Why do we live where we live? Was it economic circumstances that brought us there? Love, maybe? Or did we choose to stay close to where we grew up? What informs one of the most fundamental decisions with a potential to shape our outlook on life?
I call Los Angeles home, but it wasn’t always so. I arrived by chance, on a job offer I couldn’t pass up but I wasn’t planning to stay. Then, two things happened: I fell in love and got married and, gradually, I also fell in love with this complicated metropolis so much so that, now, the word “home” conjures beaches, canyons and freeways. This decision, though, did cost me. My birth family is six thousand miles away; some of my closest friends are nowhere nearby and I lived in a state of “not belonging” for close to two decades.
My first boy crush was at 8, my first love at 18 but the first time I fell hard for something other than a man was at 15, when I first set my eyes on London. So unlike the warm land where I grew up, it stirred an unexpected Anglo-Saxon bent in me which I honored by choosing to live in London as soon as it was reasonable to do so. I would make that choice over and over again: London has always been the place that stoked my imagination and my ambition. London fulfills me and complements me in ways that no other place on earth has been able to. Yet, I don’t live there. Things happened, career choices took over, love won and here I am, in a city that couldn’t be more polar opposite.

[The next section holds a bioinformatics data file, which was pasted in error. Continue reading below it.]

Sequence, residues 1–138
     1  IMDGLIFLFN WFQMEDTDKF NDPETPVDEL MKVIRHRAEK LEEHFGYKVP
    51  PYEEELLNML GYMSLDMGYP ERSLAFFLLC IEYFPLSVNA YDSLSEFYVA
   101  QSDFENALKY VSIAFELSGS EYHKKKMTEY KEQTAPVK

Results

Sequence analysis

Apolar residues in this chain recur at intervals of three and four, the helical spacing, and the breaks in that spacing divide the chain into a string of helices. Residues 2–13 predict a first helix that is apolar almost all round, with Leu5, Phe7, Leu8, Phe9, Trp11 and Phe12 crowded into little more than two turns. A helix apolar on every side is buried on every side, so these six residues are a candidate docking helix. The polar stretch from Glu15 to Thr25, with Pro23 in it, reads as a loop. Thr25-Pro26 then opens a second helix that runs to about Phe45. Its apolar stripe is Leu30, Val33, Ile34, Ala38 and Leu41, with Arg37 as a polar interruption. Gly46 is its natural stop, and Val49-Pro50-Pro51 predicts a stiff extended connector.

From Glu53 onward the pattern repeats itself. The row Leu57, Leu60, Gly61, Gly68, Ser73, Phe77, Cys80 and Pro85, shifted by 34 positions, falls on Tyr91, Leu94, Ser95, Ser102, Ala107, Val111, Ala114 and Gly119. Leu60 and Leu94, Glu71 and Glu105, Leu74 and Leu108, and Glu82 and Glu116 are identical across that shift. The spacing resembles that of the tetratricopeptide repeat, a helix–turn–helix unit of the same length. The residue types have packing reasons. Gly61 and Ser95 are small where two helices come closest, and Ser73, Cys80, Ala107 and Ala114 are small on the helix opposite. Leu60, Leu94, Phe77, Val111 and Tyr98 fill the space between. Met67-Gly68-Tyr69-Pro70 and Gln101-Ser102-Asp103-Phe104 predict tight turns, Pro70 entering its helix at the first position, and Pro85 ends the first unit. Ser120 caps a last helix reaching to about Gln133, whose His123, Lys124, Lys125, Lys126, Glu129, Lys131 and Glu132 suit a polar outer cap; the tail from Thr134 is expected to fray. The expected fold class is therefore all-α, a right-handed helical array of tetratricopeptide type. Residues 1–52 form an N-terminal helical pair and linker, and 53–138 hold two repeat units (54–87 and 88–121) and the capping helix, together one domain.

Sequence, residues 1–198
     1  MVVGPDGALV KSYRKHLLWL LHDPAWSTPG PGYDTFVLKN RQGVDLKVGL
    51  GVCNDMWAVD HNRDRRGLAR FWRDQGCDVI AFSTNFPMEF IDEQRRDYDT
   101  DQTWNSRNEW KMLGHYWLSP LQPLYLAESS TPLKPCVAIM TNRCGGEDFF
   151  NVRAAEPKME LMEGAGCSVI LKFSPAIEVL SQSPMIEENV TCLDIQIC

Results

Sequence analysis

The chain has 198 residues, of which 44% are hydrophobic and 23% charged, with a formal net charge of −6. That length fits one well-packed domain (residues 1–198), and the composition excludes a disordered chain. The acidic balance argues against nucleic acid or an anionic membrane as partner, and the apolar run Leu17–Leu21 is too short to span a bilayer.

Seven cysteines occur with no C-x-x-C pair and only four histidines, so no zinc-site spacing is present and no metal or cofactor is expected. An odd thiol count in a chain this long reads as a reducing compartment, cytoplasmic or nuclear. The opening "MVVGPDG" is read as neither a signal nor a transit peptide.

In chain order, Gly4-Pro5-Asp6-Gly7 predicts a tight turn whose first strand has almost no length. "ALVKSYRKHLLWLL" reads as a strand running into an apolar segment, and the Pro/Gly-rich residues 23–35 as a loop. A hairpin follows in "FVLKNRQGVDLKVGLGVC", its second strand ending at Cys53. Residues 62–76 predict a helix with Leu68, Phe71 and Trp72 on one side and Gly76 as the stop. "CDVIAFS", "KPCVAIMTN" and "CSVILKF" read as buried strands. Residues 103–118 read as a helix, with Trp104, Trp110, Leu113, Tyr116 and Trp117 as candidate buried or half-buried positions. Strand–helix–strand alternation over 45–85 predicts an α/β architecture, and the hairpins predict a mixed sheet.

Los Angeles works for me because we share the same rhythm, it feeds the part of me that likes a healthy lifestyle, the outdoors and a bottomless and curious art scene but I wonder in what ways I would be different had circumstances kept me in London.
We are increasingly becoming a society of nomads but how many of us choose to live somewhere solely based on pure love of a place? How many do organize their lives around needing to honor an attraction? Have you? Why do you live where you live?